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  • Amazon Customer
  • United Kingdom
  • 20-11-18

It's a small world.

Russia moves through upheaval after upheaval. Death, war and intrigue stalk the streets of Moscow and stops dead at the door of the metropol where it will be forever 1922 and everyone is having a spiffing time with the lovely ageless Count Rostov.

An ode to a lost age. The book skates over the horror of Stalin and WW2, the rise of the police state and the millions starved to death by communism. Characters waltz through the revolving door of the hotel, impart their bit of the plot and move on, some return, some are forgotten and some get a footnote if they're lucky. The only hardship the count appears to endure is a lack of fish stew.

Then it's time to wrap things up and the charming Count has the last laugh.

Bubbly fun but don't expect war or peace

5 of 5 people found this review helpful

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  • SharonUK
  • 27-01-19

Brilliant

How, you may think, can someone write a novel about a man under house arrest in a hotel in Moscow and make it so good. We journey into a true gentleman's mind. We learn about his past, his friends and his beliefs. He learns from others and makes a life for himself despite his confinement. And he finds joy after being put in a position of responsibility and finds a way to get what his heart most desires. I got lost in this book and it's one of those rare gems that I will remember for a very long time.

4 of 4 people found this review helpful

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  • Tim Goodman
  • 14-12-18

Spectacular

A gripping tale of history and personalities.

I will be passing this book to all my family and friends with my upmost recommendation.

Truly a fantastic book.

2 of 2 people found this review helpful

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  • Nessy
  • 22-05-19

buy the book

i was the only one in our bookclub of 6 who didn't absolutely love this book. I struggled with following the nuances that are pivotal to the plot. My suggestion would be to read the book.

1 of 1 people found this review helpful

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  • Antonia McAtamney
  • 12-01-19

Description overload

I could not get into this story. It was too wordy for me and I felt I was in an English class. I am sure it is a great book for many but I returned it as I kept falling asleep as I listened.

3 of 4 people found this review helpful

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  • Anonymous User
  • 21-08-19

A story that takes you to Russia. Captivating!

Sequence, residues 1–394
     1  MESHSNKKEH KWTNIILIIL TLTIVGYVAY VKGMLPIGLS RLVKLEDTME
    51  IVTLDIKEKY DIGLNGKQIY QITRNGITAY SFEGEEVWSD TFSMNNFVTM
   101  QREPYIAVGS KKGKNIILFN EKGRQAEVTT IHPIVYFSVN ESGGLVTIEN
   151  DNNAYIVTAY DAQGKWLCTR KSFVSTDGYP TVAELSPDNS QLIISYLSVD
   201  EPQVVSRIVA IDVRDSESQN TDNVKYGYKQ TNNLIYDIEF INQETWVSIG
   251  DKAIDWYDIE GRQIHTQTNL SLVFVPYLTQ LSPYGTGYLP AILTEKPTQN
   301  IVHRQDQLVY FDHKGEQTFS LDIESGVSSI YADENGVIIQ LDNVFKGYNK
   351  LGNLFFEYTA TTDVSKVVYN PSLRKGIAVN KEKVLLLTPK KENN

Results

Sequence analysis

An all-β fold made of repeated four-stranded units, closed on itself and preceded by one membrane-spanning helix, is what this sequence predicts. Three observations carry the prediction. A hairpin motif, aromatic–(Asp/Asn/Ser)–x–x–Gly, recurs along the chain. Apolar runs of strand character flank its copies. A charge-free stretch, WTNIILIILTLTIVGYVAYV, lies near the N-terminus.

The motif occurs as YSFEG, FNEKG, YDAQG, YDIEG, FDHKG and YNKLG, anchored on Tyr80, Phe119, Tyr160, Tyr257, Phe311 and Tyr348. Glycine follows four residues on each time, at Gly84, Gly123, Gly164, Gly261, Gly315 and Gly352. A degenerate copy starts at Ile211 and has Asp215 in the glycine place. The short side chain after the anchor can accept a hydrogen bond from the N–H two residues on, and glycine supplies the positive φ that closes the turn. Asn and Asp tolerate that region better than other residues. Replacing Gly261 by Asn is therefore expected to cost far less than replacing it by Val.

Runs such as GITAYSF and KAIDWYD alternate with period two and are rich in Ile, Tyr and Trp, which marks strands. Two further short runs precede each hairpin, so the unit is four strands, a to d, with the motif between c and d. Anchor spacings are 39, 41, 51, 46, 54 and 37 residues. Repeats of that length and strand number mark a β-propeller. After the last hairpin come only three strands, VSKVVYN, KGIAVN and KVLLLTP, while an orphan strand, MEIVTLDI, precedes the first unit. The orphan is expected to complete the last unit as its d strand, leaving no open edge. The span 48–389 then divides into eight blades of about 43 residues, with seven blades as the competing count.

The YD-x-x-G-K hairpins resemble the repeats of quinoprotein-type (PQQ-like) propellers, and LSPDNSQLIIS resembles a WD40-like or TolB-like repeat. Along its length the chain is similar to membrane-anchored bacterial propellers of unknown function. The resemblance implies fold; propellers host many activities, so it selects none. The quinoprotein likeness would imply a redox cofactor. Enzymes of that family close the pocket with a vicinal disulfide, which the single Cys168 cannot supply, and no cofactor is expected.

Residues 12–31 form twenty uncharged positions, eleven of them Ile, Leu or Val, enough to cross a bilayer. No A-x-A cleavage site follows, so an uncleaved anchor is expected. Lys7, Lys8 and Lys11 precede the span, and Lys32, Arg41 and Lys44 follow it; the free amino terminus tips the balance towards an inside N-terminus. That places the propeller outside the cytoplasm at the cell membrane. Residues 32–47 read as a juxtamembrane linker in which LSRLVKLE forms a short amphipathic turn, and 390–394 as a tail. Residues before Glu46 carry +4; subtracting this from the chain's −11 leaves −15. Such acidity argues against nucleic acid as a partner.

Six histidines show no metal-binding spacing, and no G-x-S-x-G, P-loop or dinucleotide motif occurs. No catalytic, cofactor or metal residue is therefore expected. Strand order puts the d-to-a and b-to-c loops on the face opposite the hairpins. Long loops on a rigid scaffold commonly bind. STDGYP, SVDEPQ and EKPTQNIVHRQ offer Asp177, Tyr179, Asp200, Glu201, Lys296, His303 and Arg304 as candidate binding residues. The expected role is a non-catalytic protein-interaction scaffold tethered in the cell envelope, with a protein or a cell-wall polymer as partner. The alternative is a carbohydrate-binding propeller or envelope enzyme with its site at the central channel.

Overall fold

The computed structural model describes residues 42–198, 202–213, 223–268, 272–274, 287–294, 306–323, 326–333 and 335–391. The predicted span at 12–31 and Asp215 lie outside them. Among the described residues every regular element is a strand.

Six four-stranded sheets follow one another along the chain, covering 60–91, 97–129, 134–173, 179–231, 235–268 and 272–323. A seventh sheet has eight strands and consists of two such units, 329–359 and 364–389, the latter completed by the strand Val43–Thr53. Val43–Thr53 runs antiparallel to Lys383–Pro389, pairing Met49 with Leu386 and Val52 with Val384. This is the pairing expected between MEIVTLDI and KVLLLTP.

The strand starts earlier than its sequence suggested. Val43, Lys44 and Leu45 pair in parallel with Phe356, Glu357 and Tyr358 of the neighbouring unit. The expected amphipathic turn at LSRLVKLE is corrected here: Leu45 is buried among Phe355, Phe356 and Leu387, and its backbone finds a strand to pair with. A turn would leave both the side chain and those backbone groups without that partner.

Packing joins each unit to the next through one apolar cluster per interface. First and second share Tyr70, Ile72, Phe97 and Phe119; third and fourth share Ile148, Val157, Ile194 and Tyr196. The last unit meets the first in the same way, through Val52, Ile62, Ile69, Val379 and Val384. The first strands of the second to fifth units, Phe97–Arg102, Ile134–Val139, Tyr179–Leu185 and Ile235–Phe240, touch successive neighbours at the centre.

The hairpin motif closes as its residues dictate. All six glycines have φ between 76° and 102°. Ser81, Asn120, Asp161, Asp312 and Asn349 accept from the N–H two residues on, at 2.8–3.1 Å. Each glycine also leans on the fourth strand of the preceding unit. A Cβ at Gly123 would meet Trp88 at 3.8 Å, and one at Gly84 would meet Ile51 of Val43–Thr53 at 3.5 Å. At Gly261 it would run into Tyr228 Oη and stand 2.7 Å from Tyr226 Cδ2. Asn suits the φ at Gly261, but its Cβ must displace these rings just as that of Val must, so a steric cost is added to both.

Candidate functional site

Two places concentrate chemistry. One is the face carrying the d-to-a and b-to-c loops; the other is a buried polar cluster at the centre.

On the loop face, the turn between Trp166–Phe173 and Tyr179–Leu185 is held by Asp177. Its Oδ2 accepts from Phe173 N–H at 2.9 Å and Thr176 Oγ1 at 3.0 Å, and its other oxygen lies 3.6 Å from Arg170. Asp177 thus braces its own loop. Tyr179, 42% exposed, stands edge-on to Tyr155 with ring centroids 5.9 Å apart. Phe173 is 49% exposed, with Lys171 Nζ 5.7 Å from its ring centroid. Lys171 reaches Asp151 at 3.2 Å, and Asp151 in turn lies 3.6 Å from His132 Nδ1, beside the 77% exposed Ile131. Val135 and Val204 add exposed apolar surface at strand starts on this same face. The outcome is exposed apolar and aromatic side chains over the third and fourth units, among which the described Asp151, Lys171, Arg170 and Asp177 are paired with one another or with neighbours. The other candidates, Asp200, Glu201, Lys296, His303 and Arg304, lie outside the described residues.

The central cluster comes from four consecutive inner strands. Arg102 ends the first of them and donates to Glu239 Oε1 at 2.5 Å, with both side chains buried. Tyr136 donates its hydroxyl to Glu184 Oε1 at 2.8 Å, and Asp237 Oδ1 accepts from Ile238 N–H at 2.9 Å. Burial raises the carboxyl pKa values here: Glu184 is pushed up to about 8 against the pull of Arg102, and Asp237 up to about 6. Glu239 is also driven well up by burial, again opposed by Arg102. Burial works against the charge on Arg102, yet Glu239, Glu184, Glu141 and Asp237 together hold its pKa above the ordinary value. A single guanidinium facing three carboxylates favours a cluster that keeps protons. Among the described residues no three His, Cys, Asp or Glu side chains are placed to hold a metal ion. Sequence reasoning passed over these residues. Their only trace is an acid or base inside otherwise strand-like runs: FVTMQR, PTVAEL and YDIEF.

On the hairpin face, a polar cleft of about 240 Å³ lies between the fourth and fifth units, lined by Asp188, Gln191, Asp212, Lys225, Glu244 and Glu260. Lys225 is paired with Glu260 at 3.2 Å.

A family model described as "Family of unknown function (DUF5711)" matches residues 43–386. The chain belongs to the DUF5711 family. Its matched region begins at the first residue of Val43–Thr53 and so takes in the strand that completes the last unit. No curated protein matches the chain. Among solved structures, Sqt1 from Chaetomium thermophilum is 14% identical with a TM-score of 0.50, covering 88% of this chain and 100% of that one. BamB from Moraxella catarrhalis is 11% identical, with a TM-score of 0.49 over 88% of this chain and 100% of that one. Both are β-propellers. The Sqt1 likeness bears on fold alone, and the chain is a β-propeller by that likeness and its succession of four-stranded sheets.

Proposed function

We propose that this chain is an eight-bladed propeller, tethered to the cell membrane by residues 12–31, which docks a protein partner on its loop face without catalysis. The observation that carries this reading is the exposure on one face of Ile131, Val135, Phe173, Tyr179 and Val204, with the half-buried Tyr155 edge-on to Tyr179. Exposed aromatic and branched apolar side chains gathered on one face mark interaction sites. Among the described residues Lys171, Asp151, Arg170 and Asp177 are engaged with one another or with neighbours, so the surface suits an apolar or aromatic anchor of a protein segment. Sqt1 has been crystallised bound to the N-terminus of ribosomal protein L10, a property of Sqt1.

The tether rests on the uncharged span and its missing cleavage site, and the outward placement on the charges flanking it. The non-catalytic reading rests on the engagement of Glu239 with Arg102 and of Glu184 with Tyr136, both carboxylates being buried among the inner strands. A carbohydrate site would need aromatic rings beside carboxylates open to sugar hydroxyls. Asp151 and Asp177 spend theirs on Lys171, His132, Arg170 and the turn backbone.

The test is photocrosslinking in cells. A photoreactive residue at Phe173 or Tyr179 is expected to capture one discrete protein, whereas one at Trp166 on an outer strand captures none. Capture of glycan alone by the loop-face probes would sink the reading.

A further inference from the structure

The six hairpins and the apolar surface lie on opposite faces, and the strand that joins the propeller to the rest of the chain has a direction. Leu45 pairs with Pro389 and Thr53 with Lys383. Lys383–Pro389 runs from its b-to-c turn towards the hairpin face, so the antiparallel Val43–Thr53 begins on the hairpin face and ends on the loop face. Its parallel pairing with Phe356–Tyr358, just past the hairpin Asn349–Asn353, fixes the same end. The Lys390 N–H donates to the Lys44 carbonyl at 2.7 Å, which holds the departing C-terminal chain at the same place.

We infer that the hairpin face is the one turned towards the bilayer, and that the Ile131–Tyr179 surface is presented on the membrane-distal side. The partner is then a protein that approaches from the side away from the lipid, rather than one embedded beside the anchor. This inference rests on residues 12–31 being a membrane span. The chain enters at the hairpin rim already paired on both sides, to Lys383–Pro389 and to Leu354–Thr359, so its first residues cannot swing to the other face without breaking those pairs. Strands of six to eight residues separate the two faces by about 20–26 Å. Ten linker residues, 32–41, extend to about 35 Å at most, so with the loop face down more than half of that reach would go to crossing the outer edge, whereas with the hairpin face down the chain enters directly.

The story was gripping all the way. The narrator had a captivating voice which brought the story to life. Highly recommended!

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  • Judith Staples
  • 21-08-19

An inspiring read.

loved this book. The main character has some good life lessons. sad when it finished.

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  • Anonymous User
  • 20-08-19

Wonderful, truly wonderful.

Enunciation and pronunciation of the reader were riveting. The story, simple and lovely. Recommended for readers who are willing to to sit through a sedate ambulation through the narrative.

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  • vicster
  • 13-08-19

Classic

Wonderful writing, rendered with the utmost care by a truly magnificent wordsmith. Spoken beautifully. Bravo!

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    4 out of 5 stars
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  • James Barwell
  • 13-08-19

Slow but well told

A bit of a struggle this one. A slow story but well told and the interest picks up towards the end.
Well narrated!

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  • susan Rossiter
  • 11-08-19

a great insight to the evolvement of modern Russi

I enjoyed it, a wonderful use of words, just a joy to make mind pictures.

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  • Autodidact
  • 27-07-19

Nobel Level

This book is a masterpiece, I can conceive of Amor Towles winning the Nobel Prize in Literature for this special book. It is full of moving characters, valuable lessons, and unforgettable moments. I applaud the stunning achievement of the writer (and Count Rostov). We are all living under 'house arrest' in one way or another, and this splendid story will show you how someone under real house arrest masters his circumstances instead of being mastered by them.